Literally in tears so proud of my coach @odellhaggins and what this means to him and means to our university!!! He will never take the credit but outside of seeing my kids born and getting married this is one of the greatest moments of my life watching him do this
— Travis Johnson (@trapj99) December 2, 2017
Added Eberle: “Coach Odell, you could pay that guy minimum wage and he’d still come here and coach football. He loves this program so much.”
The program returned the favor throughout Saturday’s game, with several Haggins-themed touches before and during the game.
When Haggins was introduced as FSU’s head coach at the end of starting lineup announcements – a spot typically reserved for Fisher – fans gave a loud ovation, players stood and raised their helmets in solidarity, and two of Haggins’ former charges who are now on staff, Jerry Johnson and Mario Edwards, stood beside their former coach and applauded with broad grins on their faces.
Near the end of the first half, the north end zone videoboard asked fans to text their vote for first-half MVP. In a usual week, the choice is between one offensive and defensive player, usually one who scores a touchdown or forces a turnover.
This time, the two choices were Odell Haggins and … Odell Haggins.
Haggins won, with 100 percent of the vote.
Finally, with the game well in hand late in the fourth quarter, the videoboards dusted off Haggins’ star turn in the “Seminole Rap,” the infamous music video that the No. 1-ranked Seminoles of 1988 – Haggins’ junior year – used as a springboard into the season.
Haggins’ verse starts: “Hey QBs, what’s up my friends? I’m Odell Haggins, I’m back again. You can double me up on every play, it won’t matter, can’t keep me away.”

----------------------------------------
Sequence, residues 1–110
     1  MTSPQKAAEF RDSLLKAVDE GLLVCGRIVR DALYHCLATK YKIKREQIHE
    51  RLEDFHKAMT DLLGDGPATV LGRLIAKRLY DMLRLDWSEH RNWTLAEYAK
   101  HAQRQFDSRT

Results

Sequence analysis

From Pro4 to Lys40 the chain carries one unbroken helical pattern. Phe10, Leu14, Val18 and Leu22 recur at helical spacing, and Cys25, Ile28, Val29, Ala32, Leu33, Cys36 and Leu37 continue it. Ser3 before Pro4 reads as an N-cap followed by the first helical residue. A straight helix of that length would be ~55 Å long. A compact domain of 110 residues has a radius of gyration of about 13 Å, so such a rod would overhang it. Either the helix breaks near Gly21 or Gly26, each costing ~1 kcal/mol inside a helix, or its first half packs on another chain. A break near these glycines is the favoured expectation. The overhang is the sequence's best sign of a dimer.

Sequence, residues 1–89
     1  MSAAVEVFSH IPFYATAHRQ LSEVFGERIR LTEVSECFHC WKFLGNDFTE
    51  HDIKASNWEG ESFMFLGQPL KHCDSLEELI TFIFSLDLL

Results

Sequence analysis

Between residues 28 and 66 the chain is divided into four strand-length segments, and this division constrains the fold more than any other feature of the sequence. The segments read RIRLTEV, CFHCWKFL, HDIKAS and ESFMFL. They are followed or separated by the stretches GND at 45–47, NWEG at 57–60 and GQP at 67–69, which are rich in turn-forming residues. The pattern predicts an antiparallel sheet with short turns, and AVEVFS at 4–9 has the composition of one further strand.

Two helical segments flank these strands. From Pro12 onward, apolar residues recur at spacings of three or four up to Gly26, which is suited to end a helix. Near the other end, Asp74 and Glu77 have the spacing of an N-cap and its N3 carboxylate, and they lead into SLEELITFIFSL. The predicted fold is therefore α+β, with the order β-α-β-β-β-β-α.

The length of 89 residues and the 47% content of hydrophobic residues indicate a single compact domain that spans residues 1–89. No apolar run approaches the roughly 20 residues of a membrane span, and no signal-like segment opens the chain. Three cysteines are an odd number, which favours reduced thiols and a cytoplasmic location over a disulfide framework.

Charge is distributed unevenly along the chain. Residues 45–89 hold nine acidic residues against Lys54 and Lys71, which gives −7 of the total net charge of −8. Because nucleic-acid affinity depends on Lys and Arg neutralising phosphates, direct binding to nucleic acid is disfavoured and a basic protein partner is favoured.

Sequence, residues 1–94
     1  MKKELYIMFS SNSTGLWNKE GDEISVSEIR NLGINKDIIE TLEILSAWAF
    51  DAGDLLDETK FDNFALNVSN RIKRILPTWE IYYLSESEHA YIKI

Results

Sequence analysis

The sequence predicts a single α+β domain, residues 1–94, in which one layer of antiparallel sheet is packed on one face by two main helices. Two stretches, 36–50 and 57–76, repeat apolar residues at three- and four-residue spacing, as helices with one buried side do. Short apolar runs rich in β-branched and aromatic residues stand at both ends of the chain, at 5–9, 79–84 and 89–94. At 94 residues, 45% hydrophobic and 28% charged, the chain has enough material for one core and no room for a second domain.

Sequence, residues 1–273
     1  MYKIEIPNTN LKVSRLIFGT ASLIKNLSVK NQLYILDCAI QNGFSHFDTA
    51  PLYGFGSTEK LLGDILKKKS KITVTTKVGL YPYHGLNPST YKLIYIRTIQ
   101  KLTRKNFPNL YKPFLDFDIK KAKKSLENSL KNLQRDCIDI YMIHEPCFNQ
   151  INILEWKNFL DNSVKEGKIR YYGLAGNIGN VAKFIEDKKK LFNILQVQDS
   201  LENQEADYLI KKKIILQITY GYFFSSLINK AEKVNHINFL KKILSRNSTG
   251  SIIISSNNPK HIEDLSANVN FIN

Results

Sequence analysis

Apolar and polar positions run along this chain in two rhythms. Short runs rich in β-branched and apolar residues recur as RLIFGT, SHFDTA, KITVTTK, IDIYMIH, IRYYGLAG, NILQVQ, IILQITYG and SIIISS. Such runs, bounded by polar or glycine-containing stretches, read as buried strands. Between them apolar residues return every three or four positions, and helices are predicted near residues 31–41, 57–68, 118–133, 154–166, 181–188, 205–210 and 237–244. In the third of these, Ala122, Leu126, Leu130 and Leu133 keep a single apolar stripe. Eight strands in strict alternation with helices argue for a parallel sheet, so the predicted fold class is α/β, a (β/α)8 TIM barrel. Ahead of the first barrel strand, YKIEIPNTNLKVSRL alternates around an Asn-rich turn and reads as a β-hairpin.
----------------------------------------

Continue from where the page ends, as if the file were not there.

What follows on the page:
Nearly 30 years later, Haggins laughs about his brush with rock-stardom.
“Did y’all realize I have a twin brother?” Haggins said with a smile. “To end the game that way, with the kids getting to see that, that was great. I can be the joke.
“I wish I never did it, because that’s going to last me the rest of my life.”
So, too, will everything that happened here Saturday.
Haggins’ turn on the headset came at the end of a trying week that culminated with Fisher’s departure on Friday afternoon.
The Seminoles tried to block out the rumors surrounding their previous head coach, but as the storyline dragged on, that task became harder and harder.
Not exactly ideal circumstances for the days leading up to a game that the Seminoles had to have.
“Man, to recap this week, that’d be hard to do,” Eberle said.
But Haggins, in his usual fashion, didn’t see it that way.
Rather than a hurdle to be overcome, Haggins saw the build-up to this game as an opportunity to teach a life lesson.
“Everyone said we went through turmoil,” Haggins said. “No. God puts us through certain things for a reason. You learn from them, and they make you stronger as a man or make you stronger as a woman.
“I am not going to say, ‘Florida State is 6-6, they had a subpar season.’ I’m going to say our kids learned a lot this year about life.”
With a 1-0 record and perhaps head-coaching duties in the bowl game on the horizon, too, Haggins fielded a question about his own future when a reporter asked if he’d like to be considered a candidate to become the Seminoles’ full-time coach.
After first declining the question, Haggins doubled back and gave a clear, concise answer:
“I want Mr. Wilcox and Mr. Thrasher to hire the best person for it,” he said. “Take me out of it. I’m not trying to get this job. The reason why I say that, as a coach at Florida State, a former player at Florida State, I can impact lives.
“I hope the next coach keeps me.”
He’s not the only one.